We had a family outing to Ilam Hall the other day. A stunning place I never even knew existed and pretty much on my doorstep.
Ilam is a 158 acre country park, situated on the River Manifold just northwest of the village of Ashbourne in Derbyshire. For centuries it has been an important settlement, although never a very large one and dates back to the days of the Saxons. Originally the land belonged to Burton Abbey, but after the Reformation the estate was divided among three families, the Ports of Ilam Hall, the Meverells of Throwley and the Hurts of Castern. Of these, the Meverells no longer exist and Throwley Hall is now a ruin and the Hurts still live at secluded Castern Hall.
The original hall at Ilam was built in 1546 although what we see today only dates back to the 1820’s, the time in which the Hall and estate was sold by the Port family. By the 1930’s the hall had been sold off yet again for demolition, which was in the advanced stages when it was purchased by Sir Robert McDougal for the National Trust in order that what remained (the entrance hall, the Great Hall and the service quarters) be used as a youth hostel.
In the background of the photo below you can see the old church. Originally Saxon, the church today is 17th century built with 13th century foundations, although there are still a two fragments from Saxon crosses.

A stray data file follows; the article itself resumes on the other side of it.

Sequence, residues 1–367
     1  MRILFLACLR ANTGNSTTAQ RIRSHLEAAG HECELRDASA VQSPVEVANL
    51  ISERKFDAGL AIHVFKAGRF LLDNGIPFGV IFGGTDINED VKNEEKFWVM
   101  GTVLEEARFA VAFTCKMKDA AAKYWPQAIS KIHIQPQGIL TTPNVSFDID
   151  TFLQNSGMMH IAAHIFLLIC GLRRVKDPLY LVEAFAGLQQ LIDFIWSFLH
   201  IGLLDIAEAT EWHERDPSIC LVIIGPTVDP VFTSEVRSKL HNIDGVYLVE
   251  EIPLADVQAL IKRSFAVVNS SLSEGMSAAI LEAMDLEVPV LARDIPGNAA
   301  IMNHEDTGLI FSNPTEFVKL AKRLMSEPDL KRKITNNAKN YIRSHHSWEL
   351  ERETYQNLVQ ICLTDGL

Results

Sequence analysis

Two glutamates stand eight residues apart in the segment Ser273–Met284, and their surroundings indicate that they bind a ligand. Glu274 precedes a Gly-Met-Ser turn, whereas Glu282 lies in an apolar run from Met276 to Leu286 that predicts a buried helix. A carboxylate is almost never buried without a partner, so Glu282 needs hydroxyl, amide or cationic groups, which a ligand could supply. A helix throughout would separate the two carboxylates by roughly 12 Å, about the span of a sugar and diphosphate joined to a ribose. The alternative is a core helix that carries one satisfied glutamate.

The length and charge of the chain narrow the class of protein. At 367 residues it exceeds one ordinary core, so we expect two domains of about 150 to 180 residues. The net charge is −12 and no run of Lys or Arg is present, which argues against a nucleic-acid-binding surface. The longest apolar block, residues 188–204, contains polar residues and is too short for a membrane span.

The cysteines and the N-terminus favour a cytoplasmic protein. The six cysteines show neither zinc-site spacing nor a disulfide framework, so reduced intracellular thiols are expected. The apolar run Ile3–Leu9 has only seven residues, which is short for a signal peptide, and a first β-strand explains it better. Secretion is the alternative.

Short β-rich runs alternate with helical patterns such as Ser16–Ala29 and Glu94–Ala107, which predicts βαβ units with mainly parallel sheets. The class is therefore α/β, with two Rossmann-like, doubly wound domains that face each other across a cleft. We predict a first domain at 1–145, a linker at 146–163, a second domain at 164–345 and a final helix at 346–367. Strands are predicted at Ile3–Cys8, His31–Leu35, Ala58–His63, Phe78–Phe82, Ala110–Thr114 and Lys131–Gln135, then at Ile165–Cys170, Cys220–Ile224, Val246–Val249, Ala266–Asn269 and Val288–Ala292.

Inside you will find the Chapel of St. Bertram which was built in 1618 and houses the shrine of said Saint. St. Bertram was an 8th century son of a Mercian King who renounced his royal heritage for a life of prayer and meditation after his wife and child were killed by wolves. Back in the Middle Ages his shrine was a point of pilgrimage after it was reputed to work miracles.
Although the village of Ilam dates back to Saxon days, most of the houses only date back to the last two centuries. When the Port family sold the village estate, along with Ilam Hall, in 1820 to wealthy industrialist Jesse Watts-Russell, it is said the surrounding valley and hills reminded him of the Swiss Alps and so he decided to knock down most of old Ilam and build new cottages for the villagers in a Swiss style to complete his vision. Granted, the village is picturesque in every way, however the history lover in me would still have loved to see the old village.
If you are in the Southern Dales then make sure to pay a visit to Ilam and explore the beautiful gardens and surrounding landscape, especially if you fancy walks into the heart of Dovedale and the Manifold Valley.